Model Rule 1.3: Diligence
Another possible source of violation involves Model Rule 1.3, which requires attorneys to act “with reasonable diligence and promptness in representing a client.” Certainly, ChatGPT could help attorneys satisfy the promptness requirement because, if used correctly, it is a huge time saver. However, relying solely on ChatGPT for legal advice or research without conducting thorough independent analysis is most likely a violation of this rule. It is our obligation to carefully cross-reference the AI-generated output with relevant statutory, regulatory, and case law and to exercise professional judgment every step of the way.
Other Potential Ethical Issues
While it doesn’t appear that the following rules come into play with respect to the Schwartz matter, they are worth considering in this context.
ChatGPT’s web page “What Is ChatGPT?” reveals that they do review conversations and warns, “Please don’t share any sensitive information in your conversations.” Accordingly, attorneys who disclose confidential client information in the course of using ChatGPT have violated Model Rule 1.6(c) because they have failed to take reasonable steps to “prevent the inadvertent or unauthorized disclosure” of such information.
Should law firm retainer agreements be revised to reflect the use of ChatGPT in creating legal documents? Another issue to consider is Model Rule 1.4, which requires transparency with our clients. As an example, the retainer agreement Cindy used in her practice stated that other attorneys and staff may work on the client’s matter. Perhaps our retainer agreements will need to be revised in this context as well. Let us know what you think.
Also worth mentioning are Model Rules 5.1 and 5.3, which establish an attorney’s duty to make “reasonable efforts to ensure” that the conduct of lawyers and nonlawyers over which they have supervisory authority “is compatible with the professional obligations of the lawyer.” This means that legal entities must provide training and also draft an organization-wide policy regarding the use of ChatGPT. Why not let ChatGPT itself provide you with the first draft of that policy? We have even heard of firms that have banned the use of ChatGPT (for now). If you are employed in the legal setting, be sure to familiarize yourself with any AI policy put in force by leadership.
Because many firms have already created rules regarding attorney and staff use of ChatGPT, it is essential that employees of law firms and other entities familiarize themselves with the details of any such policy. Furthermore, at least one legal malpractice insurer has distributed a memo to its clients about the potential dangers of using ChatGPT in the law firm setting.
Certainly, many other issues beyond the scope of this article remain to be explored. For the reader’s convenience, we are providing links to other sources that have examined the following topics: unauthorized practice of law, plagiarism and copyright infringement, and defamation.
By the way, if you want to check out whether a document or message sent to you was drafted by ChatGPT, there are several online tools available. The two that we tested are AI Text Classifier (designed by OpenAI) and GPT-4, ChatGPT & AI Detector by ZeroGPT: Detect OpenAI Text. While these and other similar tools may not be foolproof, the results were amazingly accurate when we put them to the test with both human and AI-generated text.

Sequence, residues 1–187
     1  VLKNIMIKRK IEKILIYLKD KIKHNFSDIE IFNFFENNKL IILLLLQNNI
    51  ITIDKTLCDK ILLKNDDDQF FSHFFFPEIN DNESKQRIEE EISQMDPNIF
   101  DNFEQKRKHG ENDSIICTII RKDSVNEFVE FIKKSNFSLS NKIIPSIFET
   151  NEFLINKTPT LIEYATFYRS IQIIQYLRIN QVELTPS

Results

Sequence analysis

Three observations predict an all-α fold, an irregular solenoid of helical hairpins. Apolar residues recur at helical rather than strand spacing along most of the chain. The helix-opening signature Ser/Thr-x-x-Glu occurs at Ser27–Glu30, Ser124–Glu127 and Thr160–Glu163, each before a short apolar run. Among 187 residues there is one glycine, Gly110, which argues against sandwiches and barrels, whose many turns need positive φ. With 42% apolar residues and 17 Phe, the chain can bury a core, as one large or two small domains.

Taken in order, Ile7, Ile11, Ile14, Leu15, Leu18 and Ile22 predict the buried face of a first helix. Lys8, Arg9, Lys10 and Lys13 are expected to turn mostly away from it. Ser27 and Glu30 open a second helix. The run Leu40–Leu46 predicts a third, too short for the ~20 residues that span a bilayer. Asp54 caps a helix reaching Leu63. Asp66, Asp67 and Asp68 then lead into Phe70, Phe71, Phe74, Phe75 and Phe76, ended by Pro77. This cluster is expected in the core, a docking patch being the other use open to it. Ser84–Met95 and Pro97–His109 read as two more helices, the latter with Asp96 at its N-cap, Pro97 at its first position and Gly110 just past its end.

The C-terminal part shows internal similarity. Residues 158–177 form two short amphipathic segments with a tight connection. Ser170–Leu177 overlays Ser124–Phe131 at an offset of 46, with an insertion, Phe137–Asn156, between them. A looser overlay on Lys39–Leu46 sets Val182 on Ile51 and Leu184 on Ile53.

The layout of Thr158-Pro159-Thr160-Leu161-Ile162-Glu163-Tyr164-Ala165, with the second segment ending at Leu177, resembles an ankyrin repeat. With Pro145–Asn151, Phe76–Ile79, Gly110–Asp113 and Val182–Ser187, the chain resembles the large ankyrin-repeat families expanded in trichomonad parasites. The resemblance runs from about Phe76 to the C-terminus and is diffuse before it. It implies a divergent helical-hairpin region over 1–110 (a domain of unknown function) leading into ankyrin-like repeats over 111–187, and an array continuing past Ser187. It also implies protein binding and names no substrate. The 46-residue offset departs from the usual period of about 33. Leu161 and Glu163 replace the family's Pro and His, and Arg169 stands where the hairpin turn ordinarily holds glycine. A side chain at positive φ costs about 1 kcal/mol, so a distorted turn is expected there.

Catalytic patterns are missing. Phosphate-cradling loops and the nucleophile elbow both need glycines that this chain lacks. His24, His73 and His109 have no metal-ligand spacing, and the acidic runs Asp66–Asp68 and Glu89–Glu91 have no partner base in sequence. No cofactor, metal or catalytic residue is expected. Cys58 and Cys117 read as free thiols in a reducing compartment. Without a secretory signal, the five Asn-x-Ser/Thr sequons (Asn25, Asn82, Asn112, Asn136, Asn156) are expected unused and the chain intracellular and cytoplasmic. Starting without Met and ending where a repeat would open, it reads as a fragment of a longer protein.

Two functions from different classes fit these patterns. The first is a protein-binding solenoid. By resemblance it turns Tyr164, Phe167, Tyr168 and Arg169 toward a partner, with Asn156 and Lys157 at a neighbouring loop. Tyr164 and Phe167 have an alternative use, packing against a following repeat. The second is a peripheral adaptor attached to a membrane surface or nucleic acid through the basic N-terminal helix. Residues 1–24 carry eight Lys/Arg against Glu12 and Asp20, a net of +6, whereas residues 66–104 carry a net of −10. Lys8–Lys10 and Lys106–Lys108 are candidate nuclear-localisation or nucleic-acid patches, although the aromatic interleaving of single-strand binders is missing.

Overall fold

The Perils of Ignorance
Even if you decide to ignore ChatGPT, keep in mind that many of your clients are already aware of and using it. The article “How to Use ChatGPT for Legal Advice” (Jim Rogan, GripRoom, Feb. 16, 2013) outlines sample legal questions that can be asked and offers guidance on how to write better prompts. An enterprising student recently used ChatGPT to beat a parking ticket by simply outlining details and requesting it to prepare a letter appealing the fine. Certainly, many consumers of the DIY ilk will consult with ChatGPT with respect to a variety of matters rather than seeking the advice of human counsel.
While ChatGPT and other AI tools are certainly game changers, human lawyers will continue to be indispensable. The essence of the legal profession encompasses human judgment, ethics, and advocacy, which cannot yet be automated. The role of attorneys will simply continue to evolve as it always has.
The law firm of the future must acknowledge (sooner rather than later) the infinite potential of ChatGPT. By recognizing its capabilities, developing expertise in its applications, and remaining mindful of ethical considerations, the firm will be poised to be a leader in innovation, efficiency, and client service.
Our next column will return the world of the “Legal Burnout Solution” and will discuss how pets can positively benefit our mental health and well-being.
Rebecca Howlett, Esq. and Cynthia Sharp, Esq. are co-founders of The Legal Burnout Solution (legalburnout.com) a community dedicated to the well-being of lawyers. Check out The Legal Mindset Corner, a podcast dedicated to tackling the unique challenges of the legal profession.
Originally published in ABA GPSolo eReport, June 2023 Issue (Vol. 12, No. 11) by the American Bar Association. Reproduced with permission. All rights reserved. This information or any portion thereof may not be copied or disseminated in any form or by any means or stored in an electronic database or retrieval system without the express written consent of the American Bar Association or the copyright holder.